When to Refer a Hearing-impaired Patient for a Cochlear Implant Evaluation

Jacob B Hunter, Anthony M Tolisano

Research output: Contribution to journalArticlepeer-review

5 Scopus citations


OBJECTIVES: To explore the predictive value of utilizing routine audiometry to best determine cochlear implant (CI) candidacy using AzBio sentences.

METHODS: A retrospective chart review was performed between 2011 and 2018 for 206 adult patients who underwent CI evaluation assessed with AzBio sentences. Better hearing ear word recognition score (WRS) using Northwestern University-6 word lists presented at decibel hearing level from a standard audiogram was used to determine when best to refer a patient for CI evaluation. Predicted AzBio scores from multivariate regression models were calculated and compared with the actual CI candidacy to assess accuracy of the regression models.

RESULTS: Race, marital status, hearing aid type, better hearing ear WRS, and HL were all independently and significantly associated with AzBio testing in quiet on univariate analyses. Better hearing ear WRS and better hearing ear decibel hearing level predicted AzBio Quiet on multivariate regression analysis. For AzBio +10 dB signal-to-noise ratio (SNR), sex, and better hearing ear WRS each significantly predicted speech perception testing. Predicted CI candidacy was based on AzBio sentence testing of ≤60% for the ease of statistical analysis. Regression models for AzBio sentence testing in quiet and +10 dB SNR agreed with the actual testing most of the time (85.0 and 87.9%, respectively). A generalized linear model was built for both AzBio testing in quiet and +10 dB SNR.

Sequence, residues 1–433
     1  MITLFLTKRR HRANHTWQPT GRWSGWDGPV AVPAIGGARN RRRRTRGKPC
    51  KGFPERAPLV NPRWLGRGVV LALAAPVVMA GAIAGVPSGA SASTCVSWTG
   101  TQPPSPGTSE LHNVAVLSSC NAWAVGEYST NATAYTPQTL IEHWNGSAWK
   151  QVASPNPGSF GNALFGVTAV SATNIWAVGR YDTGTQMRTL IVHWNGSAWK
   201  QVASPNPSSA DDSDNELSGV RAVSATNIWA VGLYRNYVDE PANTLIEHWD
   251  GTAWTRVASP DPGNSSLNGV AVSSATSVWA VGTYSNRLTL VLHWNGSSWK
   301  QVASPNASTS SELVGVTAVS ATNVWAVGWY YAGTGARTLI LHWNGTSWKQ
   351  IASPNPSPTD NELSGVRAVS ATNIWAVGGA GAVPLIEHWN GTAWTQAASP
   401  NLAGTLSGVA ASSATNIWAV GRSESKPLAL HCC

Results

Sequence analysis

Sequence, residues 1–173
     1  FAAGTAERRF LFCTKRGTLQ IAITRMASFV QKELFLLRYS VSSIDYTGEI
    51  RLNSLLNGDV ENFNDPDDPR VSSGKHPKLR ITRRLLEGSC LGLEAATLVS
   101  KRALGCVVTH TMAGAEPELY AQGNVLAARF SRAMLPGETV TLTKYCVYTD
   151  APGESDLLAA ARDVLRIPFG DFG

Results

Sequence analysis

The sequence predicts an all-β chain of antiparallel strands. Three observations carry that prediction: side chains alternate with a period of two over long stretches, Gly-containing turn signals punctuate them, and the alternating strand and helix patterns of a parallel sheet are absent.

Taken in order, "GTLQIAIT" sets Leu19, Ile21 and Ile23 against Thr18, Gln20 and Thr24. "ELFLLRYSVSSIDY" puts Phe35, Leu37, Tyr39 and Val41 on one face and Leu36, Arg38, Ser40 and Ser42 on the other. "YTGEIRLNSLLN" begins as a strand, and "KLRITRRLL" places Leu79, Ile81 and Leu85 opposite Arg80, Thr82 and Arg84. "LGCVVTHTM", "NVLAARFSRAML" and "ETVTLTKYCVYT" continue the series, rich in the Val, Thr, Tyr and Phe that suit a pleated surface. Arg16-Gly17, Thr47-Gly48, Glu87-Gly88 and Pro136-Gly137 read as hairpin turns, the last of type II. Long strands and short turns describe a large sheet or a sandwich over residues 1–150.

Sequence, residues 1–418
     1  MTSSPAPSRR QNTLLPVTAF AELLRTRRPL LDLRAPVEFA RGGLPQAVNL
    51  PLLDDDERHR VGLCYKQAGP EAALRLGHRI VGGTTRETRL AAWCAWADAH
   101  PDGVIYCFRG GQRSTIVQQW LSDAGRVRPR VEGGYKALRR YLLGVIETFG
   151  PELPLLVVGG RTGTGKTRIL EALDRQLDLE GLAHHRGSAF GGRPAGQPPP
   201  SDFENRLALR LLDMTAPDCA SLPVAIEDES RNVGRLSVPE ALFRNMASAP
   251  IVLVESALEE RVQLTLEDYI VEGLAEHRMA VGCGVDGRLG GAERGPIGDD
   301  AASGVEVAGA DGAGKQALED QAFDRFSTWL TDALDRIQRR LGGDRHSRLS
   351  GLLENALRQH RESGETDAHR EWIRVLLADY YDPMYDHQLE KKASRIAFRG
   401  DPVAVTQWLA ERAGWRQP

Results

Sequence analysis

CONCLUSION: A WRS of <60% in the better hearing ear derived from a routine audiogram will identify 83.1% of CI candidates while appropriately excluding 63.8% of patients.

Original languageEnglish
Pages (from-to)e530-e535
JournalOtology and Neurotology
Issue number5
StatePublished - 1 Jun 2021


  • Adult
  • Cochlear Implantation
  • Cochlear Implants
  • Hearing
  • Humans
  • Retrospective Studies
  • Speech Perception


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